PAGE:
Restriction mapping of the globin genes from a homozygous δβ thalassemia patient from Israel indicates that at least a 10-kilobase deletion is present extending 3' from within the large intervening sequence (IVS 2) of the δ globin gene and including the entire β globin gene. Unique bands are seen when cellular DNA from this patient is digested with a variety of restriction endonucleases and hybridized with a probe specific for the δ IVS 2. Extensive analysis of the Israeli δβ thalassemia DNA as well as material from an Italian δβ thalassemia homozygote with enzymes which cleave more frequently in δ IVS 2 had localized the 5' end of the deletion to a 107-base pair region within δ IVS 2. This region contains a unique repetitive sequence (TG)4 which has been reported to be a specific recognition signal for recombination and may be involved in the formation of these mutant genes. Two homozygous δ° thalassemia DNA samples from Japan were also analyzed for gene rearrangements or other changes by restriction enzyme mapping. No changes from normal were seen using 14 different enzymes indicating the absence of large deletions in the region around the δ globin gene. More specifically, both the 5' and 3' splice junctions of the IVS 2 appear to be normal from hybridization of restriction fragments generated by HphI and AluI, respectively, with a δ IVS 2 specific probe. We have also shown that point mutations which could lead to termination codons are not present at codons 35, 37, 43, 61, and 121, since restriction enzymes which recognize these sites produce normal patterns. The δ° thalassemia phenotype in these two subjects is most likely due to a point mutation either at one of the other 24 potential termination codons not accessible to restriction analysis or to other single nucleotide changes which could either decrease δ globin gene transcription or lead to abnormal processing or transport of δ globin mRNA.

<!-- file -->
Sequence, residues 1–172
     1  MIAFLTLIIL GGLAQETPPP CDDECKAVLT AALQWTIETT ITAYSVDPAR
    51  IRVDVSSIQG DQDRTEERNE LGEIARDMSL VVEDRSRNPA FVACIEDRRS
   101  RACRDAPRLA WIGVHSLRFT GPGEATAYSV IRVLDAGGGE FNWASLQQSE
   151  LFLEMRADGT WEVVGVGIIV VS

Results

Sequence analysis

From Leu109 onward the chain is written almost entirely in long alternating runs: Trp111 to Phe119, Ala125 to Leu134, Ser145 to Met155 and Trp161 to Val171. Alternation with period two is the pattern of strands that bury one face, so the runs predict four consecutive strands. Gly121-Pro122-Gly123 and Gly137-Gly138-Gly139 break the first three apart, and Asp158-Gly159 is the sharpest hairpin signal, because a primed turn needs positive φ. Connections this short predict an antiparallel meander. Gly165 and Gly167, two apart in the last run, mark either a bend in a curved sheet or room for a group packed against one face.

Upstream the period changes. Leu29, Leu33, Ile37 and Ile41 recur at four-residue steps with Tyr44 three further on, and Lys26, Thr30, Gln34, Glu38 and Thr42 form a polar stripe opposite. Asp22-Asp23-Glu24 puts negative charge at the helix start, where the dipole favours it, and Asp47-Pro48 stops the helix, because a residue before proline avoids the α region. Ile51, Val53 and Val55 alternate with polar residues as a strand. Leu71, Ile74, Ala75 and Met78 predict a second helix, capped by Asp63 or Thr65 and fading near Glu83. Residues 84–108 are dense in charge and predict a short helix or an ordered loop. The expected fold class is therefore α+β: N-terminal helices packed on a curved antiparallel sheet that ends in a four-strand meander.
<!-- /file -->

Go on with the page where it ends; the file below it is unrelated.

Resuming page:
|Original language||English (US)|
|Number of pages||4|
|Journal||Journal of Biological Chemistry|
|Publication status||Published - Mar 15 1984|
ASJC Scopus subject areas
- Molecular Biology
- Cell Biology